mehmet, so the populations that have been selected for longevity should accommodate those less ‘adapted’ to colder climes? Do you then agree with Angela Merkel that Germany’s immigrant community should take advantage of its “cultural accumulation” – its language?

  5. tobster November 14, 2011 at 2:17 pm #

    I just came here from another blog which has the following to say about the “rEvolutionary Biologists say: Capitalism Reduces Fitness!” sign:

    A reduction of life expectancy by 15 years is not evidence of reduction of fitness. Fitness is measured in offspring, it is not measured in years lived. African countries, for example, have very high population growth rates, and very low life expectancies. That is fitness. Fitness is not a comfortable long life, but having lots of babies and living long enough to ensure their survival as independent entities.It is strange that evolutionary biologists from a top institution would make such a simple mistake. Perhaps public spending is not the best way to advance science and education?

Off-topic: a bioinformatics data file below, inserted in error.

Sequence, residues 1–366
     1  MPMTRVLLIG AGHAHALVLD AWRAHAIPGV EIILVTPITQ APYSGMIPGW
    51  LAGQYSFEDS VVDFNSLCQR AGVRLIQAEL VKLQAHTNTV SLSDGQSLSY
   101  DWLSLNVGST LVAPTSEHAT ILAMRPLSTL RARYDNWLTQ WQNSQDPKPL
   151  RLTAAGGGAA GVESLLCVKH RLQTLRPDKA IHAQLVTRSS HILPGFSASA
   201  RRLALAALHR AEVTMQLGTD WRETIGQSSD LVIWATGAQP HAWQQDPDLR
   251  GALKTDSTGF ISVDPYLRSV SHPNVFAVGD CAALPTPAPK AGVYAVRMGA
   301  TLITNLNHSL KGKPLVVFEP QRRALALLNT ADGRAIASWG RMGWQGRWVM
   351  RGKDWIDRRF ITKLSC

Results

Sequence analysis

• matteo November 14, 2011 at 6:02 pm #

        I’ve already written a reply in the other blog but maybe you missed it.
        Someone wrote in the discussion in the other blog:
        “Meaning has as much to do with context as definition.”
        Indeed, with our sign we meant that current economical system doesn’t provide to all the means of leading a fulfilling life.
        We didn’t want to “misinform” public community with a “social definition” of fitness and I am sorry that many people misunderstood our point. We are well aware of the Darwinian meaning of fitness. It was a figurative way, a pun, to express our opinion.

  6. gensNormannorum November 15, 2011 at 9:29 pm #

    “Well, it’s the objective truth. A flyer distributed in the demonstration was pointing out that an African-American boy born in West Oakland has 15 shorter life expectancy than someone born up in the hills. If that’s not reduction in fitness, what is?”

    What form of economics is practiced “up in the hills”?